Discussion and conclusion
GLP-1 and glucagon are important regulators of glucose homeostasis and are involved in the pathogenesis of T2DM (14). Therefore, assessments of their plasma concentrations are often part of clinical studies (11, 15, 16). Given the long-term nature of many of these studies, plasma samples are, by necessity, often kept in freezers for prolonged periods (6 months or more) before analysis. Moreover, the way in which collected plasma samples are treated before long-term storage may also vary between studies. The effects of sample handling or storage condition on the stability of these peptides have never been thoroughly investigated.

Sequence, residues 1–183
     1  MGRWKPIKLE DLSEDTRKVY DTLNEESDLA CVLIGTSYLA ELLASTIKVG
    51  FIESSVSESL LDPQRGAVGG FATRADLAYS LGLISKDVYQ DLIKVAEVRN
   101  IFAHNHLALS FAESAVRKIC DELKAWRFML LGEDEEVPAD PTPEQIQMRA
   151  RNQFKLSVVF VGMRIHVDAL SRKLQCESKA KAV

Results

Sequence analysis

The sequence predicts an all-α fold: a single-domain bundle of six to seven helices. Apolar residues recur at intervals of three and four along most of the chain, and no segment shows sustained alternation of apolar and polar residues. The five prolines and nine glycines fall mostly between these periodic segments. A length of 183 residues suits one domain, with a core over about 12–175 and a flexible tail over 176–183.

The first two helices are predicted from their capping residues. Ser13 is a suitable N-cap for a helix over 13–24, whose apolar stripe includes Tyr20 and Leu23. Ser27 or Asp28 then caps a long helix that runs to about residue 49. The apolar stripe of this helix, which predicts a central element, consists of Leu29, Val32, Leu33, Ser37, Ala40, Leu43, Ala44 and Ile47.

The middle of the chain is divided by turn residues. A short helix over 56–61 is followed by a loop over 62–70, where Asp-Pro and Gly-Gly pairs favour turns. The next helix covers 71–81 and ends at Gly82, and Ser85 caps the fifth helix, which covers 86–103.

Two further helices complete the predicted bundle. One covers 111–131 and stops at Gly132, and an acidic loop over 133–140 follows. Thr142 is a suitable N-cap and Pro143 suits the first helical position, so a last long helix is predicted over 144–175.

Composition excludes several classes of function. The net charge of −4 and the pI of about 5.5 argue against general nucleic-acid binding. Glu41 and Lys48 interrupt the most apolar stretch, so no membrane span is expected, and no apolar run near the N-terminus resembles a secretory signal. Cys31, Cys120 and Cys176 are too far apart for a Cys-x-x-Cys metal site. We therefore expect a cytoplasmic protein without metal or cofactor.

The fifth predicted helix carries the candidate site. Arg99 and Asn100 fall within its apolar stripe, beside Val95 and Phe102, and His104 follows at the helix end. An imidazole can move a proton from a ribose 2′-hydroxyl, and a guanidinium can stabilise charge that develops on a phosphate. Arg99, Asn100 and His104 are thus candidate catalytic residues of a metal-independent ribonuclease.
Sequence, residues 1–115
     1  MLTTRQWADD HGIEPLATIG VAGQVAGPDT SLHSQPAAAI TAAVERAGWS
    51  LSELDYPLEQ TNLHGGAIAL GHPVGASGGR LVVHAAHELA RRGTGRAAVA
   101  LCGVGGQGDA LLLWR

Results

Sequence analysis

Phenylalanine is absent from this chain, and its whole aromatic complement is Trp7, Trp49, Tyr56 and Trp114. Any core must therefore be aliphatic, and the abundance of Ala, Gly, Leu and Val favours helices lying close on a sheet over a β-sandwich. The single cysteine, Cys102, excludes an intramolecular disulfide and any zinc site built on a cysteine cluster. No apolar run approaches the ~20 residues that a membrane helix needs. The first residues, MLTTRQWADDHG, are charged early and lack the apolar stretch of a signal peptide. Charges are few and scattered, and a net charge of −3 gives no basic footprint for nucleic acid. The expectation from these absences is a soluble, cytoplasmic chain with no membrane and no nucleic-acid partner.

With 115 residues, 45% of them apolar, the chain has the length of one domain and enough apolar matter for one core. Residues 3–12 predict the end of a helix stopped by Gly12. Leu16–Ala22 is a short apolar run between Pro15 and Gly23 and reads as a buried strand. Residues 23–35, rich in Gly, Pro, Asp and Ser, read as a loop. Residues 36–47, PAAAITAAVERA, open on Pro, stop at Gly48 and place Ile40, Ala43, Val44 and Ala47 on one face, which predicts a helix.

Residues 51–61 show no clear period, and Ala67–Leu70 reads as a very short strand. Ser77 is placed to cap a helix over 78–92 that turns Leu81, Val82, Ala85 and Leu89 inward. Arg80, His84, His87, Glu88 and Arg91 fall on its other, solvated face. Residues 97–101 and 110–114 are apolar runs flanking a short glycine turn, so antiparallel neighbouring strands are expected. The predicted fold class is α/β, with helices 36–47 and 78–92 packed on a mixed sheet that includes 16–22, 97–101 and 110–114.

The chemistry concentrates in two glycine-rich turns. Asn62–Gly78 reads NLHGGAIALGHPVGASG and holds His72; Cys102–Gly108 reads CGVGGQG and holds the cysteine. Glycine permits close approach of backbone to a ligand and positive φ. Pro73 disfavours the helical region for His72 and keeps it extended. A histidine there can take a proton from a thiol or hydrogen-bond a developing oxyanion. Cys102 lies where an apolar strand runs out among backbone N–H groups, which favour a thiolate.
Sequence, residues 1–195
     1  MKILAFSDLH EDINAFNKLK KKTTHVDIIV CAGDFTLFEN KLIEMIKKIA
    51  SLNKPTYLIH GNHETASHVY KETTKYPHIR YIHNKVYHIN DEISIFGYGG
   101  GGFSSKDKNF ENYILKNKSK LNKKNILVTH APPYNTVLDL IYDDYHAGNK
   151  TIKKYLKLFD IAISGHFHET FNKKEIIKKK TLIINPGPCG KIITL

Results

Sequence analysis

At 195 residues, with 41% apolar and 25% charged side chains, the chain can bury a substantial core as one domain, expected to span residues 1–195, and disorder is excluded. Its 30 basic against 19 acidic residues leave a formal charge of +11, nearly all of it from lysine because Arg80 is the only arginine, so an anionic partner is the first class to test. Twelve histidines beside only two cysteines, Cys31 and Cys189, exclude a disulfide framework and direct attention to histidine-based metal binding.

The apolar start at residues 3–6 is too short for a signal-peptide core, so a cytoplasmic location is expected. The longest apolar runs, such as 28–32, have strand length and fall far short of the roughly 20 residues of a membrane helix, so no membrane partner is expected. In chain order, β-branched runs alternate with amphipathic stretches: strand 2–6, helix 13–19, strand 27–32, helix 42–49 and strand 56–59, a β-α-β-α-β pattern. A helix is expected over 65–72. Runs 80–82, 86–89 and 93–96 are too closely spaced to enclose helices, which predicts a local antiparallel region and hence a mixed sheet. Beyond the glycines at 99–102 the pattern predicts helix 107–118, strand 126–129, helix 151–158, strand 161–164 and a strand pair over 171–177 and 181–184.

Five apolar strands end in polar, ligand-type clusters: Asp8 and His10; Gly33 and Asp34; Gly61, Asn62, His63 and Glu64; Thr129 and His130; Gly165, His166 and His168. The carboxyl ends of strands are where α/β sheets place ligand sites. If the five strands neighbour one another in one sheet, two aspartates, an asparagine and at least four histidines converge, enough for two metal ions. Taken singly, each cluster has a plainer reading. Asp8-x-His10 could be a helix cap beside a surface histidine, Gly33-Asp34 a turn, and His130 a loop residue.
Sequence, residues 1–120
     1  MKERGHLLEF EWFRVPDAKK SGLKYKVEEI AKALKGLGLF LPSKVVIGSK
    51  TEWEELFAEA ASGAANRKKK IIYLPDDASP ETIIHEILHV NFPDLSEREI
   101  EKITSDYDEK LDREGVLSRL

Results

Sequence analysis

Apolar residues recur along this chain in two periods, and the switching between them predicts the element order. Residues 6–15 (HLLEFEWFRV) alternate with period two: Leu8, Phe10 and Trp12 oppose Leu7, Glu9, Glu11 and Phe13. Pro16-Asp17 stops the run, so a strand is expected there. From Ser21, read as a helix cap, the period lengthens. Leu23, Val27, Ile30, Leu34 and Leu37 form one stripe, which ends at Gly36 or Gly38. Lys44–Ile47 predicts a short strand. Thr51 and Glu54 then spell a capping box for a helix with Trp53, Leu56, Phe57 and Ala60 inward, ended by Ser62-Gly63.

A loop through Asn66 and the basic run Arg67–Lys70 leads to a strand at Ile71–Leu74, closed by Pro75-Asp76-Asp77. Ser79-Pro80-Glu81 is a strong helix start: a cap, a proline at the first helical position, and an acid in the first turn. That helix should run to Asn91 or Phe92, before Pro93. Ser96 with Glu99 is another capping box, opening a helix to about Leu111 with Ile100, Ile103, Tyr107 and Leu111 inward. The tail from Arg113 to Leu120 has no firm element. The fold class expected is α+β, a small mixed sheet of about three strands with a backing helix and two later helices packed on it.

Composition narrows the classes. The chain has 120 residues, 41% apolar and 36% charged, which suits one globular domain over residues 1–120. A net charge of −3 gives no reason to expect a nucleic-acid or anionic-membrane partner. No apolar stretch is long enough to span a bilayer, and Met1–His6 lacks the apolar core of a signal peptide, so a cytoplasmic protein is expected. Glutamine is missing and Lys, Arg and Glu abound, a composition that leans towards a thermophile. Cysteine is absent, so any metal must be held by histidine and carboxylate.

The results of this study show that GLP-1 in human plasma samples supplemented with a DPP4 inhibitor appears to be relatively stable over the short-term. Thus, concentrations determined with the C-terminal RIA did not change significantly over the 3-h period, whether the samples were kept on ice or left at RT. Such assays are useful for determining ‘total’ GLP-1 levels (12), because they detect not only the intact peptide but also the N-terminally truncated metabolite which arises from DPP4 cleavage, as well as any smaller peptide fragments, provided that the C-terminal epitope remains intact. Intact GLP-1 levels (the full sequence as measured with the sandwich ELISA) also remained unchanged for up to 3 h in DPP4 inhibitor-treated plasma samples stored on ice, and even at RT, concentrations did not drop significantly for the first hour. However, by 3 h, levels measured with the ELISA decreased significantly. One explanation could be that the DPP4 inhibitor employed in this study (valine pyrrolidide) was unable to fully prevent N-terminal degradation occurring when plasma was left for more than 1 h at RT. We therefore investigated plasma DPP4 activity and found that simply chilling samples in ice was sufficient to reduce DPP4 activity by 52% compared with RT, while the addition of the DPP4 inhibitor reduced levels further (to 90%), although not completely. Given that intact GLP-1 was apparently stable in the samples on ice (levels determined by ELISA did not change), this would suggest that at these low levels of DPP4 activity, any cleavage occurs at a slow rate and is not detectable over the 3-h time frame. Alternatively, it should be recognized that the chromogenic substrate used to assess DPP4 activity (pNa) is not specific for only DPP4. It is, therefore, possible that other N-terminally cleaving proteases, not inhibitable by the DPP4 inhibitor used here (valine pyrrolidide) may still be active. Whether such enzymes are able to cleave physiological substrates such as GLP-1 is unknown. Taken together, these findings suggest that although GLP-1 levels may be stable if plasma is chilled promptly, it is prudent to collect blood samples into tubes containing a DPP4 inhibitor when intact GLP-1 levels are to be determined. This could be particularly important in clinical trials, where immediate centrifugation and freezing of plasma samples may not always be possible.